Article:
ZIERLER: Debbie, as you alluded, this is really 25–30-plus years before the biotech revolution and starting to really translate the fundamental research into therapies. Was Ray thinking about that? Even if not in his own career timeline, was that sort of on the horizon in terms of his long-term vista?
HALL: It wasn't something we talked about. But, as you know, probably from researching Ray, he was the one who did the basic study that led to the science of transplantation of organs.
HALL: He was always very much of the mindset that you do basic science just to understand life and how the universe works, but he appreciated that there are benefits beyond just that understanding. It wasn't really what motivated him, or the vision he had for himself, or even necessarily for Caltech. But he saw what his basic science had led to in the area of human organ transplantation, and I think he would've been very excited by what's happened in the biotech area.
ZIERLER: What was your day-to-day interaction with him, and how often was he in the lab doing the work himself?
HALL: By the time I was working in the lab, he did not do any of the lab work himself. But every day, at 10 o'clock and 3 o'clock, we gathered for coffee time in his outer office in 7 Kerckhoff. There was the inner office where his desk was, and the outer office where there was a round table, and we gathered there. We were a small group. We gathered there every single day at 10:00 and at 3:00 for 15 minutes, and at lunch (generally without him) for half an hour, and we'd talk. Some of it was science, and some of it was not. Then about once a week or so, we would have a general meeting where people would talk about what they were finding in their research, what kind of work they'd done that week. Each of us individually talked to Ray frequently. His was a very open door. He treated everyone not as though they were somebody to be looked over or monitored, but that he was a sounding board. He would sit there and think with you about what you might want to do next.
ZIERLER: Debbie, to clarify the timing of your planning, for those four years when you were working in the lab, when at that point did you make that decision that there was an end point, and that you'd be doing something else? Even before you might've settled on law school, when roughly did that happen?
HALL: After the third year.
ZIERLER: After the third year. From Ray's perspective, did you talk about long-term plans? Was he just happy to have you? Didn't really engage like that?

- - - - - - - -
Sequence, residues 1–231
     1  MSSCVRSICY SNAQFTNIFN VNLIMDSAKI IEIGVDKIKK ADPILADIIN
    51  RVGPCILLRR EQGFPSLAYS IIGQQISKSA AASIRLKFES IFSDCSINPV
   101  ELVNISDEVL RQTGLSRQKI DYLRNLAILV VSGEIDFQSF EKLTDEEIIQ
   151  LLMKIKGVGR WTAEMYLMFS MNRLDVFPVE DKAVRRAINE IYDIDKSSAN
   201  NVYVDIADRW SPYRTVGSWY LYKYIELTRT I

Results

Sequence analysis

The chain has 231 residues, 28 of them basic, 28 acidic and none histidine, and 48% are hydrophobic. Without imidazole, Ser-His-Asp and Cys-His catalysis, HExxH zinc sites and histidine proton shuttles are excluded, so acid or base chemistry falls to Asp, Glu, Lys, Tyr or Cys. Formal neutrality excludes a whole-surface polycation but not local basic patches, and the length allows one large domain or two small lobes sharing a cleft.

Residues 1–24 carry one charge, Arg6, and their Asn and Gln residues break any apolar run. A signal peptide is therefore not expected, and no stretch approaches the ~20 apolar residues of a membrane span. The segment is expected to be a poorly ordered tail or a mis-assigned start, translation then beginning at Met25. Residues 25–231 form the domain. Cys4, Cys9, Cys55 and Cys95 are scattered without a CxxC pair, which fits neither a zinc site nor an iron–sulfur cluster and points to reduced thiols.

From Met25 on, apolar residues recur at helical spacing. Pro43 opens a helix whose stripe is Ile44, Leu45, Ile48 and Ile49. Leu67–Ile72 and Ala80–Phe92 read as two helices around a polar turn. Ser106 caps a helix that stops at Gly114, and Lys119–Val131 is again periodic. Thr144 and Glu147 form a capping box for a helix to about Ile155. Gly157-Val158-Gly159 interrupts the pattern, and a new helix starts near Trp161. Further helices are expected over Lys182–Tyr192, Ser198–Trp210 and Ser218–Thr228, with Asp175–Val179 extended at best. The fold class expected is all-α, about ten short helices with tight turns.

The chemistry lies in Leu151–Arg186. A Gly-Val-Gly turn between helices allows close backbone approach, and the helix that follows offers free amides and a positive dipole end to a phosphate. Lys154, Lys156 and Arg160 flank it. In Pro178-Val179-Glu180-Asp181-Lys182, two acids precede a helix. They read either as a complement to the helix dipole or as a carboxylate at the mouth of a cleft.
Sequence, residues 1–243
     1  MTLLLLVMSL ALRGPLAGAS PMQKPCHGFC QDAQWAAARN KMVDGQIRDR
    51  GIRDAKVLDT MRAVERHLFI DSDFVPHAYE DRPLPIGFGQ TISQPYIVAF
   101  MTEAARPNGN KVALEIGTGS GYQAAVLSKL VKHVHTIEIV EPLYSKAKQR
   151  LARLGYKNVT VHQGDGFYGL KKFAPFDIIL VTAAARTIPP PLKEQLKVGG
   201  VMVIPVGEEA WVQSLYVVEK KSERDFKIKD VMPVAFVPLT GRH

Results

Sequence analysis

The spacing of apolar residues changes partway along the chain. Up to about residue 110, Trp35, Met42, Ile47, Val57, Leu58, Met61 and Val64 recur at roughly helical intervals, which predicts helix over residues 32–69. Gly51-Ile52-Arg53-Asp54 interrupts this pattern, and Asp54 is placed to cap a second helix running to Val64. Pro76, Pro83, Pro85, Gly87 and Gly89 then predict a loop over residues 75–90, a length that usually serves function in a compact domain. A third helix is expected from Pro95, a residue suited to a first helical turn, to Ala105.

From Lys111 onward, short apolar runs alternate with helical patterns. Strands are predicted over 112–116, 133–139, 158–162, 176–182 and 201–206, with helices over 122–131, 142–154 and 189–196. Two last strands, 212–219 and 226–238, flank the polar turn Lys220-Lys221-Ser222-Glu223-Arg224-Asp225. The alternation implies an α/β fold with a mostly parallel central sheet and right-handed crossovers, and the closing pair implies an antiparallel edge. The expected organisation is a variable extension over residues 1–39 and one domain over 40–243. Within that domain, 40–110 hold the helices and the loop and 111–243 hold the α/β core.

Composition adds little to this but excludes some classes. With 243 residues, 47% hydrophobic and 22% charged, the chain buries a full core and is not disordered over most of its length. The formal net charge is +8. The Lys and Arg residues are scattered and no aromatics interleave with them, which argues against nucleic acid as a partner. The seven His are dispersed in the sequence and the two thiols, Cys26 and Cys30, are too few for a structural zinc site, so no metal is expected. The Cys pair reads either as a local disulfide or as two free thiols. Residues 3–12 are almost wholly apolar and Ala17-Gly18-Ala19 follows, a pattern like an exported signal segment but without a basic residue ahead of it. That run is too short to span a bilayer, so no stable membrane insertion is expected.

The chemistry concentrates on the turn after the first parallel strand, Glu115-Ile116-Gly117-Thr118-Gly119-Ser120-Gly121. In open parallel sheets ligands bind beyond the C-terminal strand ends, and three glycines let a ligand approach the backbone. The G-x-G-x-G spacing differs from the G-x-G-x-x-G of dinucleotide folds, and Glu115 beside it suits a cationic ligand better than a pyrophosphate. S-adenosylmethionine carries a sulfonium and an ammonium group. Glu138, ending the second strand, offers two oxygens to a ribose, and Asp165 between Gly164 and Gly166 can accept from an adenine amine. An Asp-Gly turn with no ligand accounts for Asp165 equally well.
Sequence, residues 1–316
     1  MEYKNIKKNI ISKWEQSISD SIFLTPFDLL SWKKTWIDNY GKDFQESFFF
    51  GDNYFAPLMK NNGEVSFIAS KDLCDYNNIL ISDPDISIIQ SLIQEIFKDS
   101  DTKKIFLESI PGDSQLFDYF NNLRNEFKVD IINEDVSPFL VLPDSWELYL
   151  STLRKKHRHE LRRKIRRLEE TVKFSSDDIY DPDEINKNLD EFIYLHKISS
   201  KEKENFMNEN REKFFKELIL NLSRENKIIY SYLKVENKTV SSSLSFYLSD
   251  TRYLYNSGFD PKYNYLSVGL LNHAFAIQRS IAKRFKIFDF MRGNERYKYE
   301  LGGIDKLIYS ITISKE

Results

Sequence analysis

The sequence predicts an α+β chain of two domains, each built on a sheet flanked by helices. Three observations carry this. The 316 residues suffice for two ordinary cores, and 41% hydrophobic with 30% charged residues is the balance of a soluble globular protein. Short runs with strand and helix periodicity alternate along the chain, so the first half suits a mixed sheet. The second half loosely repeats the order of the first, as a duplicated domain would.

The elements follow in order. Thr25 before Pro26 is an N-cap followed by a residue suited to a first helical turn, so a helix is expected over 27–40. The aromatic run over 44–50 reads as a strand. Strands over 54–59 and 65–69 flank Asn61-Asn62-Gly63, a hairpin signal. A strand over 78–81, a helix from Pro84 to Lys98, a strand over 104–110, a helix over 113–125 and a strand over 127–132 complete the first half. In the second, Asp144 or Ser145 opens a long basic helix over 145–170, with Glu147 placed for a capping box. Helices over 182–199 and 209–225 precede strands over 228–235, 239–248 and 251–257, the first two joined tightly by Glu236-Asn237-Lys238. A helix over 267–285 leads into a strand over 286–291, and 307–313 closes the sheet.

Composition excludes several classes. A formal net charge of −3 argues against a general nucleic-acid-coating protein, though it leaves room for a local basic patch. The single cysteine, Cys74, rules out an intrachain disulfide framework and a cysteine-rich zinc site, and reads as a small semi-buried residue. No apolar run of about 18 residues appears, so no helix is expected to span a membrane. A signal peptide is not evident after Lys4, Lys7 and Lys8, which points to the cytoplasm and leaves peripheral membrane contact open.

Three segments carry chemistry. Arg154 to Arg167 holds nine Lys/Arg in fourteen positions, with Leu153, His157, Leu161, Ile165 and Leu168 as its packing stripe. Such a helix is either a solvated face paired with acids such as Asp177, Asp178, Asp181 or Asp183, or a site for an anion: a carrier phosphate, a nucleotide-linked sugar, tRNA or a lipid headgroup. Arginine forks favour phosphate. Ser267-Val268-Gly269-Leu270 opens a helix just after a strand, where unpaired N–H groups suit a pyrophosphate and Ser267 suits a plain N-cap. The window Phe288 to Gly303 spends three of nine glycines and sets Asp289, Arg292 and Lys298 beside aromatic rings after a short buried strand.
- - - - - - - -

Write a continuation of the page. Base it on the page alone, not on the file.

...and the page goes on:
HALL: I felt so worried about disappointing him that I kept my plans under wraps. I didn't tell him I was applying to law school. After I got in and decided to go, I went in and I had the conversation, and I said that this is what I had decided I was going to do. He was so supportive.
ZIERLER: Oh, that's great.
HALL: He said, "I didn't see in you the person who wanted to stay in the lab." He knew it, but he had never sort of pushed me to make any decisions or said, "I don't think this is a good idea for you long-term." He just said, after I told him my plans, "I could tell this wasn't what you were meant to do."
ZIERLER: Where you were concerned that you would disappoint him, is that because you think he saw you on a path to a PhD in biology, or you were just really good doing the work in the lab, and he wanted you to do that for as long as you wanted?
HALL: No, what was clear was that he loved science, and that we were all his children. [laugh]
ZIERLER: Stay in science, basically?
HALL: I loved science, but not enough. My fear was that he would be sad and disappointed that I didn't feel the compulsion to stay in science forever. It was not a good path for me. My projects were independent, and if I stopped doing them, it was not a big deal for him. It was just kind of that you wanted to please him. He invested so much in everybody he knew. But he did that all along. After I left the lab and I went to law school and after I started working in the law firm, a couple times of year, well, three or four times a year, he'd send me articles, some science based and some not, because "I think you'd be interested in this." Then a couple times a year, he'd call and go, "We have a person who's looking at Caltech. I think you should meet with her, or I have somebody here who thinks they maybe want to do law." He was always matching up people. At one point, he matched, well, he matched me up several times. He matched me up with a woman who had been in the General Counsel's office at Caltech, who then went on to become the general counsel of Occidental College. He said, "You should meet her." We hit it off, and she became a client. He was one of those people that was always trying to give you his wisdom, and help you make connections, and to connect you with other people who he thought you could help or could help you.